5 5 independence for every disciplined domain of discourse or it endorses global skepticism. CE does neither. In fact, CE overtly affirms at least one form of the semantic independence of scientific theories. Van Fraassen writes, the language of science should be literally construed, and to insist on a literal construal of the language of science is to rule out the construal of a theory as a metaphor or simile (van Fraassen , 10-11). In this regard, CE is distanced from both instrumentalism and positivism which seem to regard scientific theories as inference tickets to useful conclusions. In his recent response to McMullin, On McMullin s Appreciation of Realism Concerning the Sciences (2003), van Fraassen eloquently explains some of his reasoning for advocating the literal construal of the language of science, The common basis I assume is language in which reference is unproblematic to trees and mountains, people and books, to lightning and car crashes, as well as to the processes of aging, burning and flooding. To trust such discourse as our basis does not set it beyond critique[ ] But in this, as elsewhere, we always start from where we are; we can t step out of where we are into a presuppositionless discourse any more than into a view from nowhere. (van Fraassen , 480). For van Fraassen, we have no reason to deny the literal meaning of the language of science (at least the scientific language referring to observable entities). The literal construal of this scientific language is just as reasonable as the literal construal of our everyday language. It is also important to understand that CE is not a form of global skepticism. Global skepticism is the view which results from a Humean regress that leads to solipsism where we can be sure of nothing but our immediate, phenomenal experience. 3 CE, as we ve seen, is the view that science aims to give us theories which are empirically adequate. To believe a theory is empirically adequate is to affirm as true what it says of the observable phenomena it postulates: [ ] a theory is empirically adequate exactly if what it says about the observable things and events in this world, is true - exactly if it 3 There are some critics of CE who have accused CE of actually falling prey to Humean regress to global skepticism. I will not comment on whether I think this is true. On this point, I am only concerned with to what van Fraassen takes himself to be committed.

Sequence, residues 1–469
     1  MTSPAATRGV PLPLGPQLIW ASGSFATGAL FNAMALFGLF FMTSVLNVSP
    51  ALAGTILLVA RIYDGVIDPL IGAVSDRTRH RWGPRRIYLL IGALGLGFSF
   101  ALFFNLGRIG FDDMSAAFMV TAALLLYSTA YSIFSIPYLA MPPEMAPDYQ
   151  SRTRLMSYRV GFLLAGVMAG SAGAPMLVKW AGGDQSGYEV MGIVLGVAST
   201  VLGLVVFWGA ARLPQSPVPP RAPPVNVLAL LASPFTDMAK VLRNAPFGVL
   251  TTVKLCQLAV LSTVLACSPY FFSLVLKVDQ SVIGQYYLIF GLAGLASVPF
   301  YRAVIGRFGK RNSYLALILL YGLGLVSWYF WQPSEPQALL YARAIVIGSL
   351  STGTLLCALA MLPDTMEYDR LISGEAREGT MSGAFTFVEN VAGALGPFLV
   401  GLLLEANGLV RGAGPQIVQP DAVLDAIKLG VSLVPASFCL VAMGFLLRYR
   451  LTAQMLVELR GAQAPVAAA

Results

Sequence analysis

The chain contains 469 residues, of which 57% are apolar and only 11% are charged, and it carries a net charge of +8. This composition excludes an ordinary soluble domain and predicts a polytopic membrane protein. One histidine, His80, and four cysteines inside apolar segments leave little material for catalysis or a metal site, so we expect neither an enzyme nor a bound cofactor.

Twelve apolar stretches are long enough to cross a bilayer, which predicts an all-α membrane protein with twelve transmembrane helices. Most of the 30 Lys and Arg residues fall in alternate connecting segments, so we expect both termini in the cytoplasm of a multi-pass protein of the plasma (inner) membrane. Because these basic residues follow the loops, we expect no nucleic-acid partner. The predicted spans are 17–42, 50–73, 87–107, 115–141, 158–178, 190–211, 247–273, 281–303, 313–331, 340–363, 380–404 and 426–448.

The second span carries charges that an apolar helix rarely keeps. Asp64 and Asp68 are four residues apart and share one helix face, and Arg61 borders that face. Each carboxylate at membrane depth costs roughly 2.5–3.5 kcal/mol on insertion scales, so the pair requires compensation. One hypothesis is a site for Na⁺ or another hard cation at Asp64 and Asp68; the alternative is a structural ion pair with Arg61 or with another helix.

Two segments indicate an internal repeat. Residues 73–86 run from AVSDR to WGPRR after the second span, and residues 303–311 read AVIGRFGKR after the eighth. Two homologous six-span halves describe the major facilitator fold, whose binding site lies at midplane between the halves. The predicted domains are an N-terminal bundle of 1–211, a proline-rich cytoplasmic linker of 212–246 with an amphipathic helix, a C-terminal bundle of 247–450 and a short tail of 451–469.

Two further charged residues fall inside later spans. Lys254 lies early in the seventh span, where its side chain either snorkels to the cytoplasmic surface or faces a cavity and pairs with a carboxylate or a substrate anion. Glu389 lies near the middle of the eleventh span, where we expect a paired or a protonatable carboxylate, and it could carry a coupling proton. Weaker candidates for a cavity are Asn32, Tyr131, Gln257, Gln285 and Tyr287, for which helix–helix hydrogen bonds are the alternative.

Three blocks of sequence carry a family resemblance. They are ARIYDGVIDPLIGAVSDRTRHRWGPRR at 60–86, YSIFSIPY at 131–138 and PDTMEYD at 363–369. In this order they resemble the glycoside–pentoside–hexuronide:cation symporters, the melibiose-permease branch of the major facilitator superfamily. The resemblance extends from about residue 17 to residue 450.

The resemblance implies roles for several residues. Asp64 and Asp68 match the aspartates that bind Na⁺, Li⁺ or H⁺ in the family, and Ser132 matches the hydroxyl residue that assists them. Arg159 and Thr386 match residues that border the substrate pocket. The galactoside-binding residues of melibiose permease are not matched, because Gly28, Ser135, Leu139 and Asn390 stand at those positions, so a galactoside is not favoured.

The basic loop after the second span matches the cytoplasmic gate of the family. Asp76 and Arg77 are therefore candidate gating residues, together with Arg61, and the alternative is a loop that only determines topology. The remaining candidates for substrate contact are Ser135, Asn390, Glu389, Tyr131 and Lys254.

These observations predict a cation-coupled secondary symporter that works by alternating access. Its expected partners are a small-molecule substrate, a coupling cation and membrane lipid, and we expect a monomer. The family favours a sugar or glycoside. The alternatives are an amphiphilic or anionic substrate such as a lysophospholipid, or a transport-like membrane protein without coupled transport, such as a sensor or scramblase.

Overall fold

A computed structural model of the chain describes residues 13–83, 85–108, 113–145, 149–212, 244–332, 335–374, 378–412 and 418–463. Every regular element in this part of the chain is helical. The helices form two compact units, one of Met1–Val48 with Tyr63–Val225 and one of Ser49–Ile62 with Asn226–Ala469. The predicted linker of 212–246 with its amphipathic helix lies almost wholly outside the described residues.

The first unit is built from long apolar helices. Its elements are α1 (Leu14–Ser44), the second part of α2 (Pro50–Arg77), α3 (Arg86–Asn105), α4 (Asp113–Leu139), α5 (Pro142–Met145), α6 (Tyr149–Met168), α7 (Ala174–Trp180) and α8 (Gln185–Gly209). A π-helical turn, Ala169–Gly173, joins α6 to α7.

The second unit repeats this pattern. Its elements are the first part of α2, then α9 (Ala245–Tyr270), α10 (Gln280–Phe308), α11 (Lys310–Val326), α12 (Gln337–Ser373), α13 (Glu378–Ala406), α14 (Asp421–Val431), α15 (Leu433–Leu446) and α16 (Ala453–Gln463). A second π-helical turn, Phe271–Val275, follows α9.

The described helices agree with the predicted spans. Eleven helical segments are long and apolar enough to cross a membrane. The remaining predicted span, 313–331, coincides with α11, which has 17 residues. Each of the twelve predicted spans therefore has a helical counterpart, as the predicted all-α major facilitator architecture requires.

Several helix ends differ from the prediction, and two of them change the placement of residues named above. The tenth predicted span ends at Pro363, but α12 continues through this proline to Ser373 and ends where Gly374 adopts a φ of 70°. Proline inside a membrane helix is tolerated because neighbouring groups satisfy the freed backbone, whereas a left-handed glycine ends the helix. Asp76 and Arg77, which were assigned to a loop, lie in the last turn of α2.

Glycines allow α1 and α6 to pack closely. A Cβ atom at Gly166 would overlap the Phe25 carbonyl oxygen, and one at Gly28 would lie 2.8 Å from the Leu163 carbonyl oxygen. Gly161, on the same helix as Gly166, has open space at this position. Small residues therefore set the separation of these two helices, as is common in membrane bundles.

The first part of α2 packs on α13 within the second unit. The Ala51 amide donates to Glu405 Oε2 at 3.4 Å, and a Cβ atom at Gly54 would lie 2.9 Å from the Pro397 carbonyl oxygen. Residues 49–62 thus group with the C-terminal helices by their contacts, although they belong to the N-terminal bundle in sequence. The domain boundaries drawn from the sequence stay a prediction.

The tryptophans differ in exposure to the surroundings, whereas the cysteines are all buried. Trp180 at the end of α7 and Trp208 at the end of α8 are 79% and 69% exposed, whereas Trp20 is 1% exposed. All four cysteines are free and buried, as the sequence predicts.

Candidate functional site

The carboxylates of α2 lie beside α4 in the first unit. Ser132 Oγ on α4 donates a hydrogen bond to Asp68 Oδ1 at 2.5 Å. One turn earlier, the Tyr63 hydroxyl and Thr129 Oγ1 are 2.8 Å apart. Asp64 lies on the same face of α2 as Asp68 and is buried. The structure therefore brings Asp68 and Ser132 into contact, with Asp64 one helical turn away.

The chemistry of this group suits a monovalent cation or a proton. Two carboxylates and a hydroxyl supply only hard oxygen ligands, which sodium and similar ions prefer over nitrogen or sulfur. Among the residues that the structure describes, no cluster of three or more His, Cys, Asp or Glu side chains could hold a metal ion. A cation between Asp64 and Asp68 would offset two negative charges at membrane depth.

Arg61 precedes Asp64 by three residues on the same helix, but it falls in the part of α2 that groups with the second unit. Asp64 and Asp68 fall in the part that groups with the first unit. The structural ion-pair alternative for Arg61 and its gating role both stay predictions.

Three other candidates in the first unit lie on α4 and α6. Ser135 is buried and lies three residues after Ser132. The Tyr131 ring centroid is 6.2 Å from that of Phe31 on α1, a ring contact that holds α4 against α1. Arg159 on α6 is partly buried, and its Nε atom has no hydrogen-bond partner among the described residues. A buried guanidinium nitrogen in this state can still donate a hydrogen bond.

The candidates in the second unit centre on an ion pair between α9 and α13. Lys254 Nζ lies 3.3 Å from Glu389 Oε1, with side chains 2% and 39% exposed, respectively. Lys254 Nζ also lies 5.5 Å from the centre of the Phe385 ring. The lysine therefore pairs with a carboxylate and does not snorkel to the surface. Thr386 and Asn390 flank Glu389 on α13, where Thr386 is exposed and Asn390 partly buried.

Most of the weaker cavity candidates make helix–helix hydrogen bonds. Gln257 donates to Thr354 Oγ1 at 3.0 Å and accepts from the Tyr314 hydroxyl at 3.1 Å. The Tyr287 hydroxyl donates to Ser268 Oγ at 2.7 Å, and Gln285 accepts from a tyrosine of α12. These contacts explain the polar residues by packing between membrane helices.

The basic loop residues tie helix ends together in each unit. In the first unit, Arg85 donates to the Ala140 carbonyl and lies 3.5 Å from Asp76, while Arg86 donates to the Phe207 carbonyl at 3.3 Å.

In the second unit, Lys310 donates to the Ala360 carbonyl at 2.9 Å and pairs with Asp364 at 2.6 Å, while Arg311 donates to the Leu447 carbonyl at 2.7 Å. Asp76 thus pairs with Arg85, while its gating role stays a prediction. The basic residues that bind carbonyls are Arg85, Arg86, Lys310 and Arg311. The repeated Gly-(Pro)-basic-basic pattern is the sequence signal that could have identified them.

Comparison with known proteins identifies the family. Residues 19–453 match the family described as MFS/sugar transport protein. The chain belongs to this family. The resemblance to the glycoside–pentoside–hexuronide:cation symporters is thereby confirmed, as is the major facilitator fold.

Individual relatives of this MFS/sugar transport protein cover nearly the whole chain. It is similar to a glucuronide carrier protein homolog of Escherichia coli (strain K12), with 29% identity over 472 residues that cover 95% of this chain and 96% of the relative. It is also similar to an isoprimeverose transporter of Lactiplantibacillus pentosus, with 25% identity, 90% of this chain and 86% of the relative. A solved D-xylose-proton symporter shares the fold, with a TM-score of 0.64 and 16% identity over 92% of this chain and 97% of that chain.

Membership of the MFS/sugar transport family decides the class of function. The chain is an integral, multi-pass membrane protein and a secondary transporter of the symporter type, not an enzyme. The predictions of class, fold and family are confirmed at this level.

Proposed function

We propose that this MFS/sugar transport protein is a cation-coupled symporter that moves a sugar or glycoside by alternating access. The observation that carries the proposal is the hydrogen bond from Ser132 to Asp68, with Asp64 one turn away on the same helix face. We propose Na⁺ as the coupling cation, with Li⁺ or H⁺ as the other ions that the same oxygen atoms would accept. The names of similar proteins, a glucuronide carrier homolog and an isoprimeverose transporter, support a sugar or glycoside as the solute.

6 6 saves the phenomena (Ibid., 12). 4 Consequently, CE is skeptical about unobservables, but this is not global skepticism. In his response to McMullin, van Fraassen writes that the skepticism that results from CE is not anywhere near the sort of debilitating skepticism whose specter tends still to hover over traditional courses and anthologies in the theory of knowledge (van Fraassen , 486). It is this difference which separates CE from Humean global skepticism. Therefore, CE neither denies semantic independence nor does it endorse global skepticism; it is not a global anti-realist position. This leads to some questions: how much does not being a global anti-realist make van Fraassen a realist? If it does, what sort of realist should we understand him to be? McMullin, as I have suggested, argues that CE is a realist position about O-theories where O-theories are those scientific theories which only postulate the existence of observable entities. Theoretically, this seems ok. I argue, however, that to whatever extent CE is a realist position about O-theories is entirely a matter of the convergence of empirical adequacy (van Fraassen s sole criterion for the success of a theory) and the truth of the O-theory (McMullin and the scientific realists separate criterion for success). In other words, whatever realism van Fraassen could be said to have about O-theories has to do with a coincidence between their very separate criteria of success. Van Fraassen writes, In the case of what McMullin calls O-theories, acceptance does involve belief that the theory is true, because for an O-theory truth and empirical adequacy coincide, by definition (van Fraassen , 482). This coincidence, I suggest, does not make van Fraassen the same kind of realist that McMullin is and to see it as such would be a mistake. I return to this point in section (IV). The precise nature and extent of van Fraassen s realism is made clear by his conceptions of truth and empirical adequacy. Van Fraassen claims, I insist in this context on a naïve pre-theoretical understanding of true and truth. A theory says that certain entities are real precisely if it implies statements to that effect. The entities in question are real precisely if those statements are true. Nor do I distinguish here between there are X s and X s are real. To say what is true is to say, of what is, that it is and, of what is not, that it is not I add no metaphysical or 4 The meaning of the phrase saves the phenomena is itself a topic of debate between McMullin and van Fraassen in their dialogue. McMullin thinks it is committed to the truth and reality of the phenomena that is saved. I do not weigh in on this.